Pupils construct Punnett squares to illustrate specific genotypic and phenotypic genetic outcomes. Students calculate the probability of achieving specific genotypic and phenotypic genetic oucomes, using dihybrid Punnett squares.
Tenth graders listen to a lecture and discuss how a person inherits eye color, hair color and other features. They are introduced to Punnett squares and complete several problems. They attempt to determine their own genotype.
Ninth graders complete a monohybrid cross and a dihybrid cross. In this biology lesson, 9th graders predict the traits of offspring using the Punnett square. They differentiate recessive and dominant genes.
Consider the genetics of the coral in which Nemo and his father live. Marine geneticists practice using Punnett squares to determine phenotypes and genotypes in incomplete dominance crosses. After solving three problems about the offspring of the coral, high schoolers then solve four problems about the colored pearls produced by oysters. This attractive and engaging worksheet is an ideal homework assignment for your biology class.
Now that Nemo has been found, it's time to find his phenotype. Using basic genetics, middle or high schoolers determine how to break down traits in an engaging worksheet that allows kids to show what they know about Punnett squares, genotypes, and phenotypes. To modify this, your young geneticists could work with partners to complete the handout. 
A two-page worksheet provides seven Punnett squares for practice in determining genotypes and phenotypes. Each is an example of incomplete dominance or codominance. After your bright biologists have mastered Punnett squares, this will take them to the next step. Assign it as homework or use it as an assessment after some time have been invested in these genetics concepts.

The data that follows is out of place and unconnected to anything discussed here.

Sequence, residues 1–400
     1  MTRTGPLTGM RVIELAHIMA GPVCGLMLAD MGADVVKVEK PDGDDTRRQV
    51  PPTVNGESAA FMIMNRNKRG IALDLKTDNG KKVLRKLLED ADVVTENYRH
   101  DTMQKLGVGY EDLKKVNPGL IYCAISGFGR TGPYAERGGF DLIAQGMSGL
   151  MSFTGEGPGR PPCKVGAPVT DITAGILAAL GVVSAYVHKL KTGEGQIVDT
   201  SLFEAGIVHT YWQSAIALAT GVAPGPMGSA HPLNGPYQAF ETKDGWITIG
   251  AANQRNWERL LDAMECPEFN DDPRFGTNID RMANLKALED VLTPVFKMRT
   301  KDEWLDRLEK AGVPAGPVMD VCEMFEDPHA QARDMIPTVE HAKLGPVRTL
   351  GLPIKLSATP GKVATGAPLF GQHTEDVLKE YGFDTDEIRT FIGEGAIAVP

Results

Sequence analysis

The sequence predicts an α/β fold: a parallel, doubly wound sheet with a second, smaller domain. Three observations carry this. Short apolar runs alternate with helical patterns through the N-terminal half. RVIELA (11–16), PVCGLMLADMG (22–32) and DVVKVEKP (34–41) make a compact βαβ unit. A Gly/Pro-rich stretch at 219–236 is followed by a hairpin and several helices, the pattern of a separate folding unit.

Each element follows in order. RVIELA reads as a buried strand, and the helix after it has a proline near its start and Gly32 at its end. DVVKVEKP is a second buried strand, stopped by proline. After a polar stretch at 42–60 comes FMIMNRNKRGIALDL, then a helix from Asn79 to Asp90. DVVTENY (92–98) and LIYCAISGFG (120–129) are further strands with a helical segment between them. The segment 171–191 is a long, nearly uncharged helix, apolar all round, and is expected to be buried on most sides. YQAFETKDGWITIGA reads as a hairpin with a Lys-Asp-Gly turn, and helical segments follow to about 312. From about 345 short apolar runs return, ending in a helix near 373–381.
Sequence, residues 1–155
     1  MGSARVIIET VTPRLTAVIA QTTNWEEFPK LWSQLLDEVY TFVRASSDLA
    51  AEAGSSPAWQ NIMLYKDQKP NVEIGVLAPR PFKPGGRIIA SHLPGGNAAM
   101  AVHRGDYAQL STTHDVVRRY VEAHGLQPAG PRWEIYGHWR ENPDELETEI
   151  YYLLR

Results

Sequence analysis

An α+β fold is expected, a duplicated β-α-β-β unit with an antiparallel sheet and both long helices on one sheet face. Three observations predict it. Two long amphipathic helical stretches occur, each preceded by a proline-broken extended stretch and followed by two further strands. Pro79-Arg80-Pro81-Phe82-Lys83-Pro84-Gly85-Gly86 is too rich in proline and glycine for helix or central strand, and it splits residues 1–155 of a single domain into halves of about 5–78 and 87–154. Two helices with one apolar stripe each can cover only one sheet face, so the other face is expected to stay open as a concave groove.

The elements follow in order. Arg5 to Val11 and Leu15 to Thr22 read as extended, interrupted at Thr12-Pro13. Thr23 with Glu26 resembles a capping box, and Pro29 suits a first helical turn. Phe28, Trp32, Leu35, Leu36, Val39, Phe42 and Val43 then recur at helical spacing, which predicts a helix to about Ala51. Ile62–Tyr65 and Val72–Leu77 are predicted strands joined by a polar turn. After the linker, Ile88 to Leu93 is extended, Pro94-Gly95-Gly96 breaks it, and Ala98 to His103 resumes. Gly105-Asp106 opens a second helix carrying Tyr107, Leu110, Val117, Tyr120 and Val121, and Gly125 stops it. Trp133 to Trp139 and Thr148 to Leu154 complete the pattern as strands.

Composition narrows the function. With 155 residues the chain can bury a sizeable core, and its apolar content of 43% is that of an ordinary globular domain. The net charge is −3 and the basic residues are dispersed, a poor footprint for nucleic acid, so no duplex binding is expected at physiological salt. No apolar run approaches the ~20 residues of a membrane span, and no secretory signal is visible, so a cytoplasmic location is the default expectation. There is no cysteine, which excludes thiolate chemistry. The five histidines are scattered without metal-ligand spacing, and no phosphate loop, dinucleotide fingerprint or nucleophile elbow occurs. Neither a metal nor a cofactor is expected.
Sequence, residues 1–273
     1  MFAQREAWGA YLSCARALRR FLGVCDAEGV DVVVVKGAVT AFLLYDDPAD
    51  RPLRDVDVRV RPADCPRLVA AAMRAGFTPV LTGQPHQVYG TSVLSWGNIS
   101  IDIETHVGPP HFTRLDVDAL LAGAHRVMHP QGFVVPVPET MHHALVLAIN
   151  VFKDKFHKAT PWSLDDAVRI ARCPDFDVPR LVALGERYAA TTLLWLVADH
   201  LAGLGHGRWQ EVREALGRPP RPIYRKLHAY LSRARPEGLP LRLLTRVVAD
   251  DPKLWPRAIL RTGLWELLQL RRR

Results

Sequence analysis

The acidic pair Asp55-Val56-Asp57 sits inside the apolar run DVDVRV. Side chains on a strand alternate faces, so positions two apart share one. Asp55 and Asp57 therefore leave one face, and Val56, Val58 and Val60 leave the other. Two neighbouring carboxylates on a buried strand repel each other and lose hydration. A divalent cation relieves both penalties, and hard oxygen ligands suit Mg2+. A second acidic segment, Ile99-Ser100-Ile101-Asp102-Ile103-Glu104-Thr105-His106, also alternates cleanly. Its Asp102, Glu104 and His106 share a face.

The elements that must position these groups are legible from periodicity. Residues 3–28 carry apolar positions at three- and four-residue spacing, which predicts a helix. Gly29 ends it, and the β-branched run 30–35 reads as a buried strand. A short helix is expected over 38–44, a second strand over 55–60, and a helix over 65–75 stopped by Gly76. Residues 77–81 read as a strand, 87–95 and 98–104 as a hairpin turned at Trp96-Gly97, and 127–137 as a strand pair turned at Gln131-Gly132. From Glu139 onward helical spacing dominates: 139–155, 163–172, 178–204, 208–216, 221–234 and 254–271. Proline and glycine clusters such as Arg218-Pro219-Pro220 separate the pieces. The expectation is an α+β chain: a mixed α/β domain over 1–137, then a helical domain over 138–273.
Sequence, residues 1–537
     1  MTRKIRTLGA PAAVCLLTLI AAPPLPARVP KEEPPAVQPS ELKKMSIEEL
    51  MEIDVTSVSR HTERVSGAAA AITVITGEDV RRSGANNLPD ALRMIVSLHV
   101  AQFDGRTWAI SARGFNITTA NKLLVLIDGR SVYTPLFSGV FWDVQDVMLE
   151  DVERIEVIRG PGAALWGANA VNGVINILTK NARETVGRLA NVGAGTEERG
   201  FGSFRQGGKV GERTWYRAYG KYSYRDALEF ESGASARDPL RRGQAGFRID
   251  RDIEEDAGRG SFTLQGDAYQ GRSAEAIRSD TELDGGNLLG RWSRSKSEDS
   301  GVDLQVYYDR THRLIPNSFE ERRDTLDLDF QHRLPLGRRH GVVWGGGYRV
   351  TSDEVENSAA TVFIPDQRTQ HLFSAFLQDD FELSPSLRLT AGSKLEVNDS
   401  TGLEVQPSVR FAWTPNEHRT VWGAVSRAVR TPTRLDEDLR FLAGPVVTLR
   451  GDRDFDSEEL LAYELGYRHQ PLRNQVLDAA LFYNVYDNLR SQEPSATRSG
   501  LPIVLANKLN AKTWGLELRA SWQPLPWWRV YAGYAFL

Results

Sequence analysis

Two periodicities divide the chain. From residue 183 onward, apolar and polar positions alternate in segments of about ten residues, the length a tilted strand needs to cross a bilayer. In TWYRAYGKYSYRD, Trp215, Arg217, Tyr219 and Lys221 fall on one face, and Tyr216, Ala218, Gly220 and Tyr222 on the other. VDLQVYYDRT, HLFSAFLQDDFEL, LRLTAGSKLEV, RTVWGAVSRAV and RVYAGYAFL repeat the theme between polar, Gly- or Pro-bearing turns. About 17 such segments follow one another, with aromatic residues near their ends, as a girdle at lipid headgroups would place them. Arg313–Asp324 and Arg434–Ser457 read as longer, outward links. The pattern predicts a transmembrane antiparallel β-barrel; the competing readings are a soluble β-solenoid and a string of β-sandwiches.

Imagine a pair of dragons that produce offspring and determine the percentage of the hatchlings have wings and large antlers. This fantastic activity draws genetics learners in, introduces them to alleles, meiosis, phenotypes, genotypes, and teaches them how to use Punnett squares. The exercises also illustrate the law of independent assortment and linked genes. The handout is ten pages long and will take days to work through, but it will definitely keep learners engaged!
Dive down to Bikini Bottom for a fantastic lesson on heredity! High school scientists make phenotype predictions for various characters based on given dominant and recessive traits. Use the PowerPoint here to review this concept before splitting learners into small groups. They experiment with probability using a coin toss, organizing findings on a worksheet (linked). Next, they conduct a virtual lab to practice completing Punnett Squares and explore another interactive site with a quiz. Synthesize their skills with two Sponge Bob worksheets which, after completed by all groups, can be presented in a jigsaw fashion. Use the final quiz here as assessment.
In this genetic disorder learning exercise, students understand how genetic diseases are passed down from parents to offspring. Students use Punnett squares to explain how a disorder is inherited. This learning exercise has 10 short answer questions.